- When schools closed in March, the Italian and Spanish governments, and some charities, tried providing tablets and purchasing internet connections for families in need. But the demand was high and supplies didn’t come fast enough. “The existing digital divide is aggravating the educational gap. Unless action is taken quickly, everything points to a significant increase of the dropout rate at the end of the school year,” said a Spanish educator.
- The same is true in the US. Professionals warn that students falling behind will struggle when schools finally reopen, potentially making a permanent difference to their lives and careers. (WSJ)
- How Covid-19 is changing the world’s children (BBC)
- The rise of the pandemic-era ‘gap year’ (BBC)
Additional World News
- U.K. Willing To Admit Nearly 3 Million From Hong Kong If China Adopts Security Law (NPR)
- US bars passenger flights from China (BBC)
- Putin orders state of emergency after huge fuel spill inside Arctic Circle (Guardian)
- Prosecutors seek arrest warrant against Samsung heir Jay Lee (Techcrunch)
- Yemen Aid Falls Short, Threatening Food and Health Programs (NYT, $)
- Rape and murder of student in church sparks outrage across Nigeria (Guardian)
- ‘Stigmatized, segregated, forgotten’: Colombia’s poor being evicted despite lockdowns (Guardian)
- China-India border: Why tensions are rising between the neighbours (BBC) & China, India unlikely to turn to the U.S. for mediation over border tensions (CNBC)
- After 6 Months, Important Mysteries About Coronavirus Endure (NYT)
- Could nearly half of those with Covid-19 have no idea they are infected? (Guardian)
- Surveillance Technology Will Only Get More Intense After Covid (Bloomberg)
- What George Floyd Protests Mean for the Coronavirus Pandemic (Atlantic)
- ‘Really scary’: experts fear protests and police risk accelerating Covid-19 spread (Guardian)
- Monster or Machine? A Profile of the Coronavirus at 6 Months (NYT)
- Medical Workers Should Use Respirator Masks, Not Surgical Masks (NYT)
- Opinion | Stop the Coronavirus Superspreaders (NYT)
- U.S. and Chinese Scientists Trace Evolution of Coronaviruses in Bats (NYT)
Take Off The Tinfoil Hat And Let Me Take Your Temperature
- Public health workers, particularly those in smaller or rural areas, are encountering resistance, online harassment and even violent threats for conducting contact tracing and other containment strategies in their local communities.
- State and local health officials say it’s a worrisome development as businesses reopen, and they try to build community trust for strategies that will help keep viral transmission in check.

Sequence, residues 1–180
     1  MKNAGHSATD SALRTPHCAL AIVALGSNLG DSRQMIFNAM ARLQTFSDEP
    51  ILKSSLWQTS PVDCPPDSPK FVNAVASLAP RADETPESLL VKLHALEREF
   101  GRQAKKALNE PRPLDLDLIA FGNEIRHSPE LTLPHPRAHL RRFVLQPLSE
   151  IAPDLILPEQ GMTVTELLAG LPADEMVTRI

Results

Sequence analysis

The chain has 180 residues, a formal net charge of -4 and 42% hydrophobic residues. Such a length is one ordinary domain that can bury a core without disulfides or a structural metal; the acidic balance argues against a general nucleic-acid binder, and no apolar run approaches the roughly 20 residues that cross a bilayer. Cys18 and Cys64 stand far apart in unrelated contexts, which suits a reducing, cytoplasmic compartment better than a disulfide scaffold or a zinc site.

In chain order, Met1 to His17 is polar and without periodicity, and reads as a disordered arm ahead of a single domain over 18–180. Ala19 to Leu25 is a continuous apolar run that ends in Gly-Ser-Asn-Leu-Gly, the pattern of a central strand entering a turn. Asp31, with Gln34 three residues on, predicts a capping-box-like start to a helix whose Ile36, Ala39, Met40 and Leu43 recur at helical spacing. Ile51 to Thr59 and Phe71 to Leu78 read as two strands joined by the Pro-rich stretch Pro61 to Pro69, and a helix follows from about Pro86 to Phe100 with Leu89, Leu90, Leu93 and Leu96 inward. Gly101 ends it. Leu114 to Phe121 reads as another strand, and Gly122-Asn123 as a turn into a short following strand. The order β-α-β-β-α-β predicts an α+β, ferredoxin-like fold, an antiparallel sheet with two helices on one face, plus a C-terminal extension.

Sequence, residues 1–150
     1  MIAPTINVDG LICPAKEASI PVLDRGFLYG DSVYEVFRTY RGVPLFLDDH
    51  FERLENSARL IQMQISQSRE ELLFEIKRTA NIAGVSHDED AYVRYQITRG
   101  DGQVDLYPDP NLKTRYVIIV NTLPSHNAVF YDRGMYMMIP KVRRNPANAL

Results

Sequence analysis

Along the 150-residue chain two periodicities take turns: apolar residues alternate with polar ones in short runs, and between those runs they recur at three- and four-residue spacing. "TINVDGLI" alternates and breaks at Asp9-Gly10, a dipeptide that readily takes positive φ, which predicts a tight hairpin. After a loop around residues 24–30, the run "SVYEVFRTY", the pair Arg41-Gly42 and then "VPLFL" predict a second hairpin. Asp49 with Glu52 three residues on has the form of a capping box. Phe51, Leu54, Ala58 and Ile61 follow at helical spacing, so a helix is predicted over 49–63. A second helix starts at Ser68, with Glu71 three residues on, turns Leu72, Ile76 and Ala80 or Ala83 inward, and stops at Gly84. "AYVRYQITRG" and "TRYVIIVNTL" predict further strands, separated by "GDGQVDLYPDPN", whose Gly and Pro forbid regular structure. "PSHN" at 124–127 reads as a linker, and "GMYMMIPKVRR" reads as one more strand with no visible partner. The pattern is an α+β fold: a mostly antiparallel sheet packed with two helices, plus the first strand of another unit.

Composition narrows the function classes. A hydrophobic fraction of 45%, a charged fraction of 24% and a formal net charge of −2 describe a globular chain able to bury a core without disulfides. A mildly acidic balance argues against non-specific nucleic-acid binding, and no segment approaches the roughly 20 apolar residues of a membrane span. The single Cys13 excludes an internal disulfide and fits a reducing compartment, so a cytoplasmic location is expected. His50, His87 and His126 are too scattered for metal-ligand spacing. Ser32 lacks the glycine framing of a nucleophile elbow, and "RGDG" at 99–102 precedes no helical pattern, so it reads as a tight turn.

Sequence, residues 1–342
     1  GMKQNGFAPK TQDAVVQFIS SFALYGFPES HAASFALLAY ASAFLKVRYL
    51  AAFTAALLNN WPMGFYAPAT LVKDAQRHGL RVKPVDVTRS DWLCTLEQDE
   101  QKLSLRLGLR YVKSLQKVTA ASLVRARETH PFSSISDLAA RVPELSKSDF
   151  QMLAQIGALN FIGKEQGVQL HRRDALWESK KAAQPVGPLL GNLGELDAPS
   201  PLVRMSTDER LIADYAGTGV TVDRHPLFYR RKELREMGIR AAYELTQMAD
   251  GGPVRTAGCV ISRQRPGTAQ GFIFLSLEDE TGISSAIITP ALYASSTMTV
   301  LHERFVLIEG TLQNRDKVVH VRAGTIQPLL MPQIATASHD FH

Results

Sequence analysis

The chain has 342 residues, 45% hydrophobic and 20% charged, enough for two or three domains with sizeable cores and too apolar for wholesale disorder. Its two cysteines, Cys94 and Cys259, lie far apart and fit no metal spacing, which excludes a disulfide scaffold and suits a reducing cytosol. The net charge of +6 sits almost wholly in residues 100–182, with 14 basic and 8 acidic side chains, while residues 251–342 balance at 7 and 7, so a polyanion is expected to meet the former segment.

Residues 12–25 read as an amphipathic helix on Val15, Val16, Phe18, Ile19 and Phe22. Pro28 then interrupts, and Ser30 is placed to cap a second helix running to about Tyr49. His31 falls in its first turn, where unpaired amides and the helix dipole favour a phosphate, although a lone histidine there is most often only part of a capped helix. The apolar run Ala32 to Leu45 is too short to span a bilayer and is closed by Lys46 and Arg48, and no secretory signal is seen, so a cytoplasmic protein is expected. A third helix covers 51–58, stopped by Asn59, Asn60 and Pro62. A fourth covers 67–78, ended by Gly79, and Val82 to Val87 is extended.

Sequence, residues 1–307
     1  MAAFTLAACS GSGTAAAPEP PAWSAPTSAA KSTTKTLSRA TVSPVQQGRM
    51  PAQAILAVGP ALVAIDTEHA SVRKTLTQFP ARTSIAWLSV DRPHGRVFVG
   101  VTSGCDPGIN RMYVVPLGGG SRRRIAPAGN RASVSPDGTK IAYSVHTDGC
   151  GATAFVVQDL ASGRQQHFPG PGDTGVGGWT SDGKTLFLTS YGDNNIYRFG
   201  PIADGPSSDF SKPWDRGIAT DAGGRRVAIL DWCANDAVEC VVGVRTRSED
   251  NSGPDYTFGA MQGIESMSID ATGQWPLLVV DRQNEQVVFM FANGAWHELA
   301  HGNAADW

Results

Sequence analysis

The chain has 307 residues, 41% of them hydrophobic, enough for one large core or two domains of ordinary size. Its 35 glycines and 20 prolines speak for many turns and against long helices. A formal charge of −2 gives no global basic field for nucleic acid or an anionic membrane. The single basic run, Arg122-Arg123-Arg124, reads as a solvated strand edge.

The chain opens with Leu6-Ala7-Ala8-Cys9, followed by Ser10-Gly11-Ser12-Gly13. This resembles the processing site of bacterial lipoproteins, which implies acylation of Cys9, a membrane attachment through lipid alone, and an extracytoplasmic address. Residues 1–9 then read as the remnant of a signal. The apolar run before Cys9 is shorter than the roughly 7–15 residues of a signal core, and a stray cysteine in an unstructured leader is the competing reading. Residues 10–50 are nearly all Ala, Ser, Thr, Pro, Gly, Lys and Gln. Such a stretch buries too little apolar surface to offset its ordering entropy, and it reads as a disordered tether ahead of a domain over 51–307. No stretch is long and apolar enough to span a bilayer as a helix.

- Lauri Jones has run Okanogan County’s small public health department in eastern Washington for 17 years. She’s never encountered such controversy as has developed during the pandemic; she’s finding it difficult to get the word out about the public health tools now being used more widely: coronavirus testing, contact tracing, and isolation and quarantine.
- Jones’ county is rural and relatively isolated, with no local daily newspaper, and the pandemic has only meant fewer opportunities for communication and interaction. Given these obstacles, “a lot of people rely on social media for their information — and misinformation.” She believes the pandemic has brought forward a more radical strain in the community — people unwilling to listen to facts, who have become convinced the pandemic hides a more nefarious purpose.
- Often a little misunderstanding can escalate to online threats. In May, a small town spat about contact tracing and isolation escalated online, and became so heated that Jones became afraid for her life. (NPR)
Black Lives Matter
- The History Behind ‘When The Looting Starts, The Shooting Starts’ (NPR)
- De-escalation Keeps Protesters And Police Safer. Departments Respond With Force Anyway. (Five Thirty-Eight)
- The anger behind the protests, explained in 4 charts (Vox)
- George Floyd: Anonymous hackers re-emerge amid US unrest (BBC)
- Officer who stood by as George Floyd died highlights complex Asian American, black relations (NBC)
- The George Floyd Killing Exposes Failures of Police Reform (The Intercept)
- How to reform American police, according to experts (Vox)
- Black Workers, Already Lagging, Face Big Economic Risks (NYT, $)
- ‘Your lives matter’: Obama offers words of hope in contrast to Trump’s division (Guardian)
- Early Facebook Employees Disavow Zuckerberg’s Stance on Trump Posts (NYT, $)
Additional USA News
- ‘Disastrous at a time like this’: US Postal Service is on the brink of crisis (Guardian)
- The C.D.C. Waited ‘Its Entire Existence for This Moment.’ What Went Wrong? (NYT)
- SF, Silicon Valley rents plunge amid downturn: ‘Never seen anything like it’ (SF Chronicle)
- Opinion | America, We Break It, It’s Gone (NYT, $)
- This is the greatest 50-day rally in the history of the S&P 500 (CNBC)
I Am Human, Hear Me Snore
- Before the pandemic, the health warnings we got were urging us to do things most of us don’t really have a great urge to do: exercise more, eat five or eight or even 10 portions of fruit and vegetables a day. Then came the official advice to do stuff that sounded easy: loaf on the sofa, binge-watch box sets, stay at home. That appeals to our lazier sides anyway, right? Turns out it isn’t that easy, as we found out after a few weeks of lockdown.
- Actually, humans aren’t biologically programmed to do as little as possible — we thrive on activity. Or at least, a good balance between being busy and resting. In reality we sometimes take the easy route and do as little as we can get away with. But at other times we value situations more if we have to expend considerable effort, even experience a little pain. It’s why people climb tall mountains in freezing weather, or try sailing around the world in a small boat, or run marathons.
- A famous study at the University of Virginia a few years back tested how people would react being left alone for 15 minutes in a room with absolutely no distractions. The only thing in the room other than the participant was a computer key wired to a machine. When the key was pressed it delivered an electric shock. Rather than just sit and chill for 15 minutes, 71 percent of men and 25 percent of women chose to shock themselves.
- One man shocked himself 190 times. Apparently having nothing to do was so excruciating that many of the participants preferred torturing themselves to putting up with no distractions whatsoever — even for 15 minutes. (BBC)